I didn't feel like reading long articles and wanted a quick way to view the summary of it, but the best I could find was some website that you had to copy paste text into, and it would summarize it. I wanted a quick and easy way to view the summary of websites, so I proposed the idea that we build a chorme extension that you can just click when you're in an article to view a summary of it.

What it does

You can install this extenension on any chromium based browser(like Google Chrome). Once installed, you can go to any article and click on the extension. It will open up a small window in which there will be a summary of the article.

How we built it

The first thing we had to figure out was how to get a raw text of the article from the HTML. For this, we found a very useful open source library called Mercury parser, which extracted text from any HTML we provided to it. The source code of Mercury parser can be accessed at Once that was done, we started building the frontend, and also started working on getting the actual summarized working. For the frontend, we went with a chrome extension, as we thought it was the best medium for this type of application. In the chrome extension, we used HTML, NodeJS, and CSS along with WebPack to build a neat, minimalistic chrome extension that can read the URL and HTML of the page the user is currently in. The main chrome extension window itself shows the summary of an article to the user. The next thing we had to figure out, like mentioned before, was how to generate the summary itself. For this, we decided to use pretrained neural networks. After experimenting with many different neural network architectures, we settled on the BART transformer architecture which was pretrained by Facebook on 1 GB dataset of CNN and DailyMail news articles. We ran the model with the PyTorch library and served it with the Flask web framework.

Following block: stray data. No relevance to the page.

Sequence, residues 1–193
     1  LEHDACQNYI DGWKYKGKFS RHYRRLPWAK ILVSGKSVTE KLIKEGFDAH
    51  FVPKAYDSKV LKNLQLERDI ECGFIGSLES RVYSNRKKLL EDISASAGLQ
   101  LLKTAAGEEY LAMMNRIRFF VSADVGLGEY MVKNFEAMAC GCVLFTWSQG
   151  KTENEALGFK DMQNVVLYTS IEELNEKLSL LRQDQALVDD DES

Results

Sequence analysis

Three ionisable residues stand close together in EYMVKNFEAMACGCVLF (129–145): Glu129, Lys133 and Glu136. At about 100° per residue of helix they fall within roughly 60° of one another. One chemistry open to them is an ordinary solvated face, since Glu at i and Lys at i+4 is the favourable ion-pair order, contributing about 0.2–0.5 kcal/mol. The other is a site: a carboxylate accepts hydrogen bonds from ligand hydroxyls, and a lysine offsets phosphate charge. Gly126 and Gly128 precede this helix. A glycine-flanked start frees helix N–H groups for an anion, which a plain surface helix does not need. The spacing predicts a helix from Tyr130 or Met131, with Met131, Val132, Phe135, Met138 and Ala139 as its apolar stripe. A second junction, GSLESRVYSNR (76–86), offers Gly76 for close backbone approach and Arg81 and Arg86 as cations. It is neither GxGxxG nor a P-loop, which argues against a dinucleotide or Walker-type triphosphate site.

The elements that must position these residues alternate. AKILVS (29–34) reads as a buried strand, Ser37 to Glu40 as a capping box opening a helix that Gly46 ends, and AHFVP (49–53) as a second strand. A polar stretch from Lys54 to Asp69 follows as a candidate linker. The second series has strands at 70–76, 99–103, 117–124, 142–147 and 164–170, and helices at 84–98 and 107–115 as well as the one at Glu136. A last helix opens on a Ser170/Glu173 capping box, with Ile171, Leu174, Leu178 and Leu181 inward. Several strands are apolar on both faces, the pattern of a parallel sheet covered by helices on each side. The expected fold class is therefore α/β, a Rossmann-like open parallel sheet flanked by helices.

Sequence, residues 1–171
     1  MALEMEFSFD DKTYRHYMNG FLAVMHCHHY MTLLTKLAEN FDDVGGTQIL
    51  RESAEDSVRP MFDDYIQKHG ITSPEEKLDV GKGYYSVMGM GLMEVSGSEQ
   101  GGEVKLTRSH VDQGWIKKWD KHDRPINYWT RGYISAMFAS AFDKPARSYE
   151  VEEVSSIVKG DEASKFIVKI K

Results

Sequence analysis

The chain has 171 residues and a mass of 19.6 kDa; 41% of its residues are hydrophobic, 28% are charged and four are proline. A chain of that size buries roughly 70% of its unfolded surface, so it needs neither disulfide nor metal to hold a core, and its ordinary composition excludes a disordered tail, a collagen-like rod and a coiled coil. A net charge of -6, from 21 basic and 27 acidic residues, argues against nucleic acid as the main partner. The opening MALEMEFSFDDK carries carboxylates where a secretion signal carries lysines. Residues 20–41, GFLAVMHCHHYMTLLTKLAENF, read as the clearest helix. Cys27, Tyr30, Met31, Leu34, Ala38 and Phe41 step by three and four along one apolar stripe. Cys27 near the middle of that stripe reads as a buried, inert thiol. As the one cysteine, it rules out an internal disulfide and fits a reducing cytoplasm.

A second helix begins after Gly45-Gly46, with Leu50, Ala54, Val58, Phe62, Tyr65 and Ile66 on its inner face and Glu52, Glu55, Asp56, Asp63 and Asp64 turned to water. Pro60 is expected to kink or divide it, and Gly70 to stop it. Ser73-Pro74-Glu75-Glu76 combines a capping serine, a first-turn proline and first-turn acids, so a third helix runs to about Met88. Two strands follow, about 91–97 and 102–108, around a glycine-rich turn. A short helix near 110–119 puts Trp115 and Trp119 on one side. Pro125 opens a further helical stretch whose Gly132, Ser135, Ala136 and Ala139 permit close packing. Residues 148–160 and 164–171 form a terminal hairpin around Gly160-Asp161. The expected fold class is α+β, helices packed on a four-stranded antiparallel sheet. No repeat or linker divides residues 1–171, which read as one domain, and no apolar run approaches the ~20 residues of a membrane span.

Challenges we ran into

The first challenge we encountered was extracting text from HTML. We first looked at to see how they accomplished the task, but none of it was open source, so we decided to use an open source implementation called Mercury instead. The biggest challenge we faced was shipping the machine learning model along with the extension. At first, we wanted the extension to work offline, but we ran into roadblock after roadblock in attempting to export the model in order to be run in javascript. Eventually, we just decided to create a backend server instead, which would receive text and output summarized text in return.

Accomplishments that we're proud of

We were essentially able to get a computer to read an article and write a summary for it, all by itself, which is a pretty amazing feat to achieve. We are also very proud of our design and medium for this application, and how we made it very easy for a user to use the extension.

What we learned

We learned a lot about deploying neural networks with PyTorch and creating browser extensions.

What's next for Quick Summary

This is a relatively simple app, but there is still scope for expansion. First things first, we want to create an offline version that uses a smaller model(the current one takes up around 1-2 GB of RAM) and can run on a user's computer. This would make it very useful for people who lose connection often, such as people in a moving vehicle. We also want to make the online version faster, by using techniques such as cacheing so that it would not have to generate summaries for the same article repeatedly. Additionally, we would like to make an extension for non-chromium browsers such as Firefox.

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